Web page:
• Paris police barricade Eiffel Tower after bomb threat

    World News CTV News
    Paris police have blockaded the area around the Eiffel Tower after a phone-in bomb threat. Police cars and tape surrounded the streets below the tower and the bridge stretching across the Seine River to Trocadero Plaza. Source
  • U.K. government defends new virus strategy; experts skeptical

    World News CTV News
    LONDON -- The British government on Wednesday defended its strategy for combatting a second wave of COVID-19 cases amid criticism that its new slate of restrictions will not be enough to stop an exponential spread of the coronavirus. Source
  • It's not over: Post-tropical storm Teddy makes landfall in Nova Scotia

    Canada News CTV News
    HALIFAX -- The centre of post-tropical storm Teddy made landfall in eastern Nova Scotia this morning, delivering another round of punishing winds and heavy rain to a province that has already had plenty of both. Meteorologists say the storm arrived near Sheet Harbour, about 115 kilometres east of Halifax, around 8 a.m. Source
  • Russian opposition leader Navalny released from German hospital after 32 days following poisoning

    World News CBC News
    The German hospital treating Russian opposition leader Alexei Navalny for poisoning said Wednesday that his condition improved enough for him to be released, and suggested a "complete recovery" from the nerve agent was possible. Navalny, 44, spent 32 days in treatment in Berlin's Charite hospital, 24 of which were in intensive care, before doctors deemed his "condition had improved sufficiently for him to be discharged from acute inpatient care. Source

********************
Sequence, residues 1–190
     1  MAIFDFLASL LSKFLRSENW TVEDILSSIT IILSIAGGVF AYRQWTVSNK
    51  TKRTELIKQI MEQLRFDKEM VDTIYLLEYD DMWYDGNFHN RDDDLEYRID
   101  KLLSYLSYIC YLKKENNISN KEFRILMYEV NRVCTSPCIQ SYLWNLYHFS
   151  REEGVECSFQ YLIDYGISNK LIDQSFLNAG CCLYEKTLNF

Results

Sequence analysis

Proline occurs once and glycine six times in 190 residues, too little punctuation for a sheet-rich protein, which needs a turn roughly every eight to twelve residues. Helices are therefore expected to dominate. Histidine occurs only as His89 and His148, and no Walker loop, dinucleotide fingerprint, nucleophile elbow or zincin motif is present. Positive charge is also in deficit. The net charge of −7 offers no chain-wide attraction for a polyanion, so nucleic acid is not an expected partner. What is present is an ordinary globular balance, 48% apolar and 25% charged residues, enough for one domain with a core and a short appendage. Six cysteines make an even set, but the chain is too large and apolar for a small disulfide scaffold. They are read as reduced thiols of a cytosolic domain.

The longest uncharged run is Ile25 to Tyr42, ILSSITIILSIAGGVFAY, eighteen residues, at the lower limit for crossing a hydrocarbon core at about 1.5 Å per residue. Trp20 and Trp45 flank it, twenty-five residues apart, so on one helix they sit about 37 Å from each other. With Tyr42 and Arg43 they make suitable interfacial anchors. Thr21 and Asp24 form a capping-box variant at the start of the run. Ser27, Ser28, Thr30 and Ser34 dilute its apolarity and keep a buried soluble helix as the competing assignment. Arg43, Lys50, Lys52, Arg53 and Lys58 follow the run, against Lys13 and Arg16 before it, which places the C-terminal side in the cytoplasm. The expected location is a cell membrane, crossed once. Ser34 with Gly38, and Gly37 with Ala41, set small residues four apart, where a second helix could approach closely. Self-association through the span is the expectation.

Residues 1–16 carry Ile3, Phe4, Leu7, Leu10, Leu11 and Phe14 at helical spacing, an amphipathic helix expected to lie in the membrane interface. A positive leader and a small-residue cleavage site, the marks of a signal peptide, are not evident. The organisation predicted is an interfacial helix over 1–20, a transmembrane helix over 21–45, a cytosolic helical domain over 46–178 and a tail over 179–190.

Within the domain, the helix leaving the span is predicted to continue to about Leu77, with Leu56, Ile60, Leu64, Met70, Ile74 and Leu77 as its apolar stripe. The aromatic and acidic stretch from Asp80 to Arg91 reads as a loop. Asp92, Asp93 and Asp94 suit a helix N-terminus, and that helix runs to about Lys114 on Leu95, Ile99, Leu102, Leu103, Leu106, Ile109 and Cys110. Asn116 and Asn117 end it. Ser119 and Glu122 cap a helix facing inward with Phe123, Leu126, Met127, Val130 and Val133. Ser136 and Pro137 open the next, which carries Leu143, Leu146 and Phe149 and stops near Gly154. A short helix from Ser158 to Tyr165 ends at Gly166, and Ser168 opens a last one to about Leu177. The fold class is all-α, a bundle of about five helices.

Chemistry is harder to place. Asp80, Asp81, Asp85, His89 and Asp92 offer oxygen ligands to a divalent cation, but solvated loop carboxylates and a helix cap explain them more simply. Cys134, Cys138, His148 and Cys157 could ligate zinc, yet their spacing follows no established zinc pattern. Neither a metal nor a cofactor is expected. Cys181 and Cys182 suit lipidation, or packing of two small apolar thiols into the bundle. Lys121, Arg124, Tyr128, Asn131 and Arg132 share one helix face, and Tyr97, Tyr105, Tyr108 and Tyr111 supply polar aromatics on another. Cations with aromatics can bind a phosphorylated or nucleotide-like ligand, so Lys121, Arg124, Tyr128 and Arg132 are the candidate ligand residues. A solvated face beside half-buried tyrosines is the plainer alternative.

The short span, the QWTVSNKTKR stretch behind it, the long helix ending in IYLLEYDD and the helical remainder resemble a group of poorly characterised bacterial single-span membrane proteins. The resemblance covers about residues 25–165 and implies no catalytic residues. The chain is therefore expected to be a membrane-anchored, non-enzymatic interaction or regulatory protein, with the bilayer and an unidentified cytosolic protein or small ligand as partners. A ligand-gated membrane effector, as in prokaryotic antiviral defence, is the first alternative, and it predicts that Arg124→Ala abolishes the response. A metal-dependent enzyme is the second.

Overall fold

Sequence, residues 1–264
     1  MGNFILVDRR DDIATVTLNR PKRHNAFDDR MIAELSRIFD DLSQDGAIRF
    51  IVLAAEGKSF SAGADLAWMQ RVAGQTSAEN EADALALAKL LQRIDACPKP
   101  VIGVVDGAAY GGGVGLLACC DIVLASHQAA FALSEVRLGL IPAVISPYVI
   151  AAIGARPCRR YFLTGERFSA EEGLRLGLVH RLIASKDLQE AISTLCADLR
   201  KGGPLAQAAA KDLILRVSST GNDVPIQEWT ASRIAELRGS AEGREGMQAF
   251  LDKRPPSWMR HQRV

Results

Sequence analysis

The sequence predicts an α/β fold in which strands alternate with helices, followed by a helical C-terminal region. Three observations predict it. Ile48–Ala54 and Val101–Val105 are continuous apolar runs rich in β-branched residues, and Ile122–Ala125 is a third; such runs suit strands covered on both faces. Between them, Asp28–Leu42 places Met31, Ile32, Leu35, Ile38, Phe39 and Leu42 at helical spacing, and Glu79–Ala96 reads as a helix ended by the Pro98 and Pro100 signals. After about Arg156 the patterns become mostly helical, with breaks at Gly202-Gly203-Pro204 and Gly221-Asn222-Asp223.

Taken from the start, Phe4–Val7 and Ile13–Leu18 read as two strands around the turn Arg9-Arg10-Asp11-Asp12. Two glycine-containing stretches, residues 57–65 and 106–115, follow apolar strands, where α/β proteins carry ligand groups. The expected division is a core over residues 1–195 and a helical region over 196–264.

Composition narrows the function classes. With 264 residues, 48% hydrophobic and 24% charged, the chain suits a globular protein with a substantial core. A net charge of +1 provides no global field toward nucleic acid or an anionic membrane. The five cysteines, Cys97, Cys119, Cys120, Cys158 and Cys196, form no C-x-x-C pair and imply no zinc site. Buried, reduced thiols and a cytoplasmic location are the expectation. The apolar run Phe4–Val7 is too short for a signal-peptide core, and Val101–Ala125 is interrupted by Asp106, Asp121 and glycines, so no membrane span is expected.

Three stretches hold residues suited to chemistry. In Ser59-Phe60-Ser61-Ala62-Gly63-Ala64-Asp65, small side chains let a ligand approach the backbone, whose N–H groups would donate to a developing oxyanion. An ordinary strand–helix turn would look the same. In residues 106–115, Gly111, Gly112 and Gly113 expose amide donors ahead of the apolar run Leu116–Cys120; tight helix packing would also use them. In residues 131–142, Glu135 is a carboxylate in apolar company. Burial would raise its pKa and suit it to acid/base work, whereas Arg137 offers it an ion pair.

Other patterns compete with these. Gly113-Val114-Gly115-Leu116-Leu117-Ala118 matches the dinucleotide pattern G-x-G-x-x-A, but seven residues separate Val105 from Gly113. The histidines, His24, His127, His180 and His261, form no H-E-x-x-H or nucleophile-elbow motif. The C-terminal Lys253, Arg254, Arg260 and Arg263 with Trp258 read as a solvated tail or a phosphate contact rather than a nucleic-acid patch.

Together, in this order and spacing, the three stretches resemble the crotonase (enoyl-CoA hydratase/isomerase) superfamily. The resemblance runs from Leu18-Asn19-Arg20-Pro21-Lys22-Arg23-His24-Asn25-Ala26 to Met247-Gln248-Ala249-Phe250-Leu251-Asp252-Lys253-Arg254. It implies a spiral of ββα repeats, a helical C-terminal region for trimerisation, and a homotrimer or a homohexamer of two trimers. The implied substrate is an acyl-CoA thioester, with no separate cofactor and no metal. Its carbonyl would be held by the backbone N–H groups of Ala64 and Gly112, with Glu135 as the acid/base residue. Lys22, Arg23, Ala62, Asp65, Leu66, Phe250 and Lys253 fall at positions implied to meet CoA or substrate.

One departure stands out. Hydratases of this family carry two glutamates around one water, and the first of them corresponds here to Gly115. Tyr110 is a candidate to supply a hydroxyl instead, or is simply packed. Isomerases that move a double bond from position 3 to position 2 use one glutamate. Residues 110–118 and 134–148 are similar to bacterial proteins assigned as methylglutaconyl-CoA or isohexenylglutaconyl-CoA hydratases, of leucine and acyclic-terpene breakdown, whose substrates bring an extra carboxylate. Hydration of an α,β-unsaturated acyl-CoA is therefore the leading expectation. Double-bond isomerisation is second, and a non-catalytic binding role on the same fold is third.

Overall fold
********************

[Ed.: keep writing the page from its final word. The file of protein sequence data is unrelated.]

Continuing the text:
• President of Belarus inaugurated despite disputed election

    World News CTV News
    KYIV, UKRAINE -- President Alexander Lukashenko of Belarus has assumed his sixth term of office in an inauguration ceremony that wasn't announced in advance. State news agency Beltra reported that Wednesday's ceremony is taking place in the capital of Minsk, with several hundred top government official present. Source
  • Now a post-tropical storm, Teddy lands in Nova Scotia

    Canada News CBC News
    Teddy has arrived in Nova Scotia as a post-tropical storm, bringing plenty of wind and rain for the province on Wednesday. It made landfall in the Sheet Harbour area on the province's Eastern Shore around 7:30 a.m. Source
  • Sherpa guide who climbed Everest 10 times cremated in Nepal

    World News CTV News
    KATHMANDU, NEPAL -- Hundreds of government officials, mountaineers, fellow Sherpa guides and supporters gathered in Nepal on Wednesday to mourn the veteran guide who was the first person to climb Mount Everest 10 times. The body of Ang Rita was cremated Wednesday according to Buddhist rituals two days after he died. Source
  • Lights, camera, action: Low COVID numbers in N.S. create boom in film industry

    Canada News CBC News
    Nova Scotia's film industry is enjoying a rare boom this fall. Those in the business give much of the credit to the province's low rate of COVID-19. More than a dozen large and small productions got started mid-summer and are continuing into the fall. Source